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(Movie Review) 'I Saw the Devil,' a brutal, stylish thriller
By Kim Hyun
SEOUL, Aug. 12 (Yonhap) -- Kim Jee-woon's new thriller, "I Saw the Devil," which hit theaters on Thursday, almost didn't make it to the big screen. Due to its hardcore violence, the film initially received a restricted screening rating. Filmmakers had to trim some of the more excruciating fat before the 18-rated thriller could be shown in theaters.

   Kim called watching the finished product, which is a grueling exploration into the showdown between a serial killer and an equally brutal avenger, "eating sushi short of wasabi" at a press premier Wednesday. Despite Kim's comments, the drama is overladen with a series of decapitations and gripping violence. Yet, many of them are no more cannibalistic than what we have seen in thrillers like Park Chan-wook's "Sympathy for Lady Vengeance" or Ridley Scott's "Hannibal."File photo
However, what really counts here is the matter of effectiveness. Does the drama pack enough empathy for the audience to sit through the violence?

   The movie opens on a beautiful snowy night as romantic guitar melodies flow to the methodical movements of a car's windshield wipers. Ju-yeon (Oh San-ha), the daughter of a retired police officer and fiancee of a top secret agent, gets a flat outside town and has to wait for assistance. It's here that the serial killer, Gyeong-cheol (Choi Min-sik), makes his entrance, appearing from out of nowhere.

   Gyeong-cheol is a stony-eyed psychopath who kills for amusement. A plump, middle-aged, school bus driver in a Seoul suburb, he lets no chance go to waste. Ju-yeon becomes his latest prey and is found decapitated in a horrible state.

   Su-hyeon (Lee Byung-hun), the victim's fiance and a secret guard with the National Intelligence Service, decides to track down the perpetrator. He's bent on making Gyeong-cheol suffer as horribly his fiance did.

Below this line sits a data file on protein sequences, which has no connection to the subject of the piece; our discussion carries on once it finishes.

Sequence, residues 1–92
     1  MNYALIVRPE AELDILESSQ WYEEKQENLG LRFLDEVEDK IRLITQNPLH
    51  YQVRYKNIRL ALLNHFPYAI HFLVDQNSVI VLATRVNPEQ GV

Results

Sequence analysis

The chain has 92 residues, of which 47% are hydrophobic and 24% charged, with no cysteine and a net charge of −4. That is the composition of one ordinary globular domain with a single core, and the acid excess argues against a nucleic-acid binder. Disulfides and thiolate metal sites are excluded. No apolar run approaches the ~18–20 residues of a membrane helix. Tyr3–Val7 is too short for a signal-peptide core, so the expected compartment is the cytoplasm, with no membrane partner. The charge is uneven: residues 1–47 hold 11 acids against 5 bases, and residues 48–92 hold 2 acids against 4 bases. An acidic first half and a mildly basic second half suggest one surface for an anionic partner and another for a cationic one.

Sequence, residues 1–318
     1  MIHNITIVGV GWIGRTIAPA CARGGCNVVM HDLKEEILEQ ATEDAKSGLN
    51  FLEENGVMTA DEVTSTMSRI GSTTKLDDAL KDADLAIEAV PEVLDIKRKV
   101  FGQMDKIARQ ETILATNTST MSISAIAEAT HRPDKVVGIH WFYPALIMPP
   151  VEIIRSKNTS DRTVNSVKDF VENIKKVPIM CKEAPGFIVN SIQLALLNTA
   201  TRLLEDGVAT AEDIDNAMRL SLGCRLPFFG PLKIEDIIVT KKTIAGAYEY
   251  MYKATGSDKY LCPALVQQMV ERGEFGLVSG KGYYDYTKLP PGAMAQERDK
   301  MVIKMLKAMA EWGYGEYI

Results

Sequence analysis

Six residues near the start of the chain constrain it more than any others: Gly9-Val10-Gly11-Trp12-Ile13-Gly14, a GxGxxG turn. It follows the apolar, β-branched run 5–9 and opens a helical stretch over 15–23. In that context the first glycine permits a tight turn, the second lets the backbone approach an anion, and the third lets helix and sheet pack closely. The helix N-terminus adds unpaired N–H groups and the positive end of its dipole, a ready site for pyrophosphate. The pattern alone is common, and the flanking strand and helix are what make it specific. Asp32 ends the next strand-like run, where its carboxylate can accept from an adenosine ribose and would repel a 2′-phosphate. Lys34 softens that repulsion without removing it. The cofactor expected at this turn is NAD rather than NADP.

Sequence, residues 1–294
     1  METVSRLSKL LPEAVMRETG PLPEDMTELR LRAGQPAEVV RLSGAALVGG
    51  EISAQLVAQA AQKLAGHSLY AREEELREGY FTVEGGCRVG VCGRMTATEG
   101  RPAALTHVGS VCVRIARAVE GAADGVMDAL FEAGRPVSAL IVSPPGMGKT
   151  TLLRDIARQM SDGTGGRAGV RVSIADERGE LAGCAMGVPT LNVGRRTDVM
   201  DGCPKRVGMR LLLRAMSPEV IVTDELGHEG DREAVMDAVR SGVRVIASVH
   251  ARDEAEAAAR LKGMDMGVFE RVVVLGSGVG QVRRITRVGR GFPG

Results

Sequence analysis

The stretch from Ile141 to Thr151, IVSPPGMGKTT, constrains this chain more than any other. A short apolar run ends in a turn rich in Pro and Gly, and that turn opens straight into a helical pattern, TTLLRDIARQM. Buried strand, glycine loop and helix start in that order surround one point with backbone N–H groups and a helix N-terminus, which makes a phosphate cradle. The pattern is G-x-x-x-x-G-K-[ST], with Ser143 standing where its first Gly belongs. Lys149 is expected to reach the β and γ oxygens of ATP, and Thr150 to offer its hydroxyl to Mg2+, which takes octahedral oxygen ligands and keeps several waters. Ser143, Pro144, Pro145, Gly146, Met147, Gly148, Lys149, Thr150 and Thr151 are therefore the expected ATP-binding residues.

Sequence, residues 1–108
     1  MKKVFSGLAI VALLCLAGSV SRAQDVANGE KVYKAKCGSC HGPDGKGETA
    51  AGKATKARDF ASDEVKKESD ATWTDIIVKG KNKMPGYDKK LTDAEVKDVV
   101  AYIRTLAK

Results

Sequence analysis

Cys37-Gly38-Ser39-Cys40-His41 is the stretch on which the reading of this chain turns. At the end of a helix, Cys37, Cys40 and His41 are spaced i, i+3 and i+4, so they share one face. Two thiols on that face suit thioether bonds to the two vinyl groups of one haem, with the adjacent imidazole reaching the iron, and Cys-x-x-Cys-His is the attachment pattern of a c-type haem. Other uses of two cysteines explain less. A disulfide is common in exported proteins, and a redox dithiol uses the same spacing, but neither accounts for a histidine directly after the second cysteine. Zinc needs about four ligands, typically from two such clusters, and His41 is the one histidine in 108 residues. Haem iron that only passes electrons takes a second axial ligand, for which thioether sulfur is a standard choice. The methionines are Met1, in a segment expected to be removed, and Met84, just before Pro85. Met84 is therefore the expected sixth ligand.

After planting a GPS chip on the villain, Su-hyeon is able to effectively track the serial killer, but when he lashes out, his attacks fail to deal the finishing blow.

   Vexed with entrapment, Gyeong-cheol seeks help from his fellow serial killer and discovers the GPS capsule. This is when the real showdown begins.

   To endure the tormenting scenes of violence, the audience needs to form an emotional bond with Su-hyeon. They need to identify with his quest for vengeance, and the reasons why he keeps catching and setting the serial killer free. Su-hyeon apparently does this to make him suffer, but the motive works against the moral element of the drama. The empathy aspect suffers as a result.

   Befitting his reputation from "The Good, the Bad, the Weird" and "A Bittersweet Life," Kim has beautifully shot his latest noir. Each scene is masterfully drawn from real-world Seoul and its idyllic suburbs.

   But the central part of the film lies with the frenetic confrontation between the two actors. Choi has a marvelously impassive face when he says, "I don't know pain, nor fear. There's nothing you can get from me. You've already lost." His emotionless face never wavers.

   It is Lee who has to express the subtle changes of a man whose quest drains him over time. To endure the 144-minute revenge drama, the audience needs to identify with Lee's gripping anger and his excruciating method of vengeance.
Choi, who played a flesh-eating perpetrator in "Sympathy for Lady Vengeance" (2005), said he focused on "technically" playing his role.

   "I only had a few scenes as the criminal in 'Lady Vengeance' and I was thirsty. With 'I Saw the Devil,' it's excessive," he said in the press screening. "This is perhaps the film where I was the least immersed among the films I've done, and I approached it rather technically."

   Lee, who made his Hollywood debut with "G.I. Joe: The Rise of Cobra" last year, recalled his role as "extremely exhaustive." It was "challenging to play a man who has to avenge with no facial expressions, but at the same time who has to subtly show various emotions of anger, sadness and anxiety."

   "I Saw the Devil," produced by Peppermint and Co. and distributed by Showbox, was released on Thursday.

   hkim@yna.co.kr
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